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nowledge is the lifeblood of the pharmaceutical sector. From raw experimental data to complex chemical formulae, from carefully regulated drug trials to patented IP – without information the industry couldn’t survive. It wouldn’t have the robust evidence base it requires to launch safe and effective new medicines confidently, or to meet the increasingly stringent demands of the regulator, or to protect organisations in the sector against legal action. The development cycle for new drugs takes years and is growing more expensive. Consequently, any loss, damage or exposure of information that is, inevitably, highly sensitive and confidential could irrevocably damage that process and put the organisation at risk. The understanding and management of information risk is, therefore, vital to the long-term health of Europe’s pharmaceutical sector. Phil Greenwood is Director of Information Management and Business Outsourcing at Iron Mountain. He is responsible for delivering information and records management solutions into the UK’s largest public, private and NHS customers. He has over 10 years’ experience working with UK and international records management. He is involved with the UK Information and Records Management Society. Phil has worked within service delivery and customer facing roles, as well as in general management roles within the outsourcing and information management industries. Legally qualified, Phil has also spent time as a fee earner within law firms and has a strong understanding of the way that information and services drive the core business of client organisations.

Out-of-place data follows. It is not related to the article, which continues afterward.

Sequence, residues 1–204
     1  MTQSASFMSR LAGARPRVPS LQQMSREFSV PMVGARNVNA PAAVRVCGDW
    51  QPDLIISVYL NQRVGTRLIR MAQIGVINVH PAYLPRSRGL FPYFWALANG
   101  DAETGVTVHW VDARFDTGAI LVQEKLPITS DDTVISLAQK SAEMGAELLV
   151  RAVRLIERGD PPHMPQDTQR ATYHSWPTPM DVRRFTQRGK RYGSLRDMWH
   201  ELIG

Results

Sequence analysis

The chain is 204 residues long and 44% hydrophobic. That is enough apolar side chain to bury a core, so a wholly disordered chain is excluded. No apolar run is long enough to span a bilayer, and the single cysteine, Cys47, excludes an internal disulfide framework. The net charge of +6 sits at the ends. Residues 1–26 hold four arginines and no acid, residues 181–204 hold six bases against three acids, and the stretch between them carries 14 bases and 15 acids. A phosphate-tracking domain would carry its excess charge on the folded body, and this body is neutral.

It is worrying that research now suggests that, just at a time when data volumes are exploding and market conditions have never been tougher, Europe’s pharmaceutical sector has not yet committed to taking information risk seriously. This complacency is cause for concern. The research shows businesses are choosing to insure their organisation against the financial impact of data loss, rather than doing something to protect against the loss in the first place. Surely, it would be more costeffective and better for long-term prosperity to invest money in closing the gaps in data-protection programmes and keep information